A Retrospective on Dr. Kim Oller's Research

Dr. Kimbrough Oller and mathematician Dr. Irena Lasiecka were elected to the 2022 class of Fellows of The American Association for the Advancement of Science (AAAS). The most prominent American scientific association, AAAS recognizes scientists from a broad scope of disciplines. Dr. Oller and Dr. Lasiecka are the first UofM researchers to receive this honor. Dr. Oller was recognized in Linguistics & Language Science for advancing the understanding of the origins of language and speech development in typical, atypical, and multilingual populations. Dr. Oller’s research integrates diverse methods and disciplines--including CSD and theoretical biology--to explore what is unique about the way human language develops and the ways that humans use language.

Language and science have been constants throughout Dr. Oller’s academic career, starting with his BA in Romance Languages. “I thought I was just going to be a polyglot, at one point,” Dr. Oller shared. Although he enjoyed learning second languages, his love for science drew him to study language scientifically in his doctoral program in Psycholinguistics. His interest in science is evident, extending beyond formal research. "I'm very much more inclined to read and study and reread things that are about science than virtually anything else,” Dr. Oller said. “To the extent that I read fiction, a good bit of it is science fiction.”

A deep curiosity about humanity and how the world works has shaped Dr. Oller’s career. “As I thought about an academic career, I think what I imagined as being the primary worthwhile goal would be to simply understand what makes us human... How are we so different from other animals?” Dr. Oller said. “Language of course, is a pinnacle expression of that difference.”

Oller and PecaOller

In his PhD program, Dr. Oller studied speech acoustics, comparing the rhythm of speech across languages. After he completed his PhD in 1971, he entered the field of speech and hearing sciences as a post-doc at the University of Washington. He served as the primary phonologist on a team researching the vocal development of hearing-impaired infants. “I walked into that at age 25 and I had no idea where to start,” Dr. Oller explained. “I hadn’t any experience at all working with babies.” Once he started looking at the literature on vocal development, however, he realized that it was underdeveloped and did not match his observations of infants in the lab. “The seeds of this viewpoint about what makes us unique began to be developed as soon as I started looking at the human infant and realizing that they were doing things with vocalization that were surprising and undescribed.” Two other researchers, Rachel Elizabeth (Betty) Stark and Marsha Zlatin-Laufer, were developing similar ideas about infant vocal development around the same time, and the three met to share their findings. Their early work, along with Dr. Oller’s ongoing research, helped to shape current understanding of infant vocal development.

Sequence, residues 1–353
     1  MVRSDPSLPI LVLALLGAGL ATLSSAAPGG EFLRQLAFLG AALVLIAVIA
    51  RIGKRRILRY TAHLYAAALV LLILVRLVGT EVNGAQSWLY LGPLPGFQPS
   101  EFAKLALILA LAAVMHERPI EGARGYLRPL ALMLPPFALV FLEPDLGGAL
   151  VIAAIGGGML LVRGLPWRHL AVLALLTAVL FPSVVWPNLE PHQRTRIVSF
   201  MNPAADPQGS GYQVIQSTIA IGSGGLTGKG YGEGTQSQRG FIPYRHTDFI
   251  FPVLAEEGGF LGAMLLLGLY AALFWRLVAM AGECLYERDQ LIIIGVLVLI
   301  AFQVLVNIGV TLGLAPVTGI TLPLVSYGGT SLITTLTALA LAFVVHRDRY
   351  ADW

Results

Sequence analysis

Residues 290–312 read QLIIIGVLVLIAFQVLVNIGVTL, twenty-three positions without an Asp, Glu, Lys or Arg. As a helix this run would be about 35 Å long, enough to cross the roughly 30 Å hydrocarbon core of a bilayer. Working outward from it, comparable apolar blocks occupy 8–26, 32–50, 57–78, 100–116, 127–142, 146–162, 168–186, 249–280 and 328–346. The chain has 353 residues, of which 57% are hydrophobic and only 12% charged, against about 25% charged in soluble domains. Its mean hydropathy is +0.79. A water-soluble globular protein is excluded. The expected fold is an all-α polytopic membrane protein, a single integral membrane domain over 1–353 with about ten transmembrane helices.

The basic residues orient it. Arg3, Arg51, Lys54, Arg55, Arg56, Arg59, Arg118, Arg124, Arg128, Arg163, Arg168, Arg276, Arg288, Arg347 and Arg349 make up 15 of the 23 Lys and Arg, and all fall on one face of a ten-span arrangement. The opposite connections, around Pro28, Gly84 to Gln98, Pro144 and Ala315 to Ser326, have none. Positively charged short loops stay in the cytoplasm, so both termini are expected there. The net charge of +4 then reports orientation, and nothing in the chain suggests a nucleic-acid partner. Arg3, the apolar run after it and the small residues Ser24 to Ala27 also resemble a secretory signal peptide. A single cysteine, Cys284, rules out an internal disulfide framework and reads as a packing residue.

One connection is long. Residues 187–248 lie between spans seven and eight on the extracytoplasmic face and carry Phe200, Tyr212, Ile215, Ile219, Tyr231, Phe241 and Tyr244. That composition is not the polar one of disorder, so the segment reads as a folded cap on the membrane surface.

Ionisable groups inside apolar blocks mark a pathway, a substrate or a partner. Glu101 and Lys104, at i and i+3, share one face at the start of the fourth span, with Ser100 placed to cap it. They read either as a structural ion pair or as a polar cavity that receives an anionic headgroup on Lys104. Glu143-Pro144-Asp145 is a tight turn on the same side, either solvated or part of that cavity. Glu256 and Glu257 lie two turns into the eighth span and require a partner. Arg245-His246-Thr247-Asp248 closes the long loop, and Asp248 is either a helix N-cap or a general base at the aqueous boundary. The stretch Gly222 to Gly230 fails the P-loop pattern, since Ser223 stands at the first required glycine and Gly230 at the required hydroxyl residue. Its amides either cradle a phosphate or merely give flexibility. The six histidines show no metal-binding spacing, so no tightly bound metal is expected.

“Among the most important observations was the idea of what Betty called vocal play,” Dr. Oller said. Human infants, unlike other animals, “play” with and explore their voice, vocalizing for no immediate social purpose. “It’s a very rare thing for animals to produce sounds that don’t have immediate here and now functions,” Dr. Oller explained. Through analyzing all-day recordings of infants, Dr. Oller and his collaborators discovered that about 90% of the speech-like sounds produced by human infants are not directed at anyone. In conducting extensive longitudinal studies of infant vocalizations across several populations--including hearing-impairment, autism, bilingualism, and most recently, tuberous sclerosis complex--, Dr. Oller and his collaborators have shown that vocal exploration is well-established across all infants. The only exception is children with insufficient respiratory support or an insufficient larynx.

Seeking an evolutionary explanation for this unique human tendency to vocalize, Dr. Oller has partnered extensively with scientists in the field of biology. “I'm a speech and hearing person at one level, but at a much broader level I have become sort of a theoretical biologist,” Dr. Oller said. Dr. Oller and colleagues, including Dr. Ulrike Griebel of the University of Memphis, developed the fitness signaling theory, which suggests that human infants vocalizations signal to potential caregivers that the infant is healthy. “It offers what biologists would call an ultimate perspective on why we vocalize and why we have the capacity to develop language,” Dr. Oller explained.

The honor from AAAS affirms that Dr. Oller is succeeding in the goal that has motivated him since the beginning of his career: understanding what makes us human. Receiving recognition is encouraging as a researcher, Dr. Oller explained, because it means at least someone else thinks your work is worthwhile. “Success is really that you make a contribution that has lasting value in terms of developing an awareness of some truth and developing a perspective on it that’s useful,” Dr. Oller said. “The genuine search for truth is the key issue. Science is the pursuit of truth."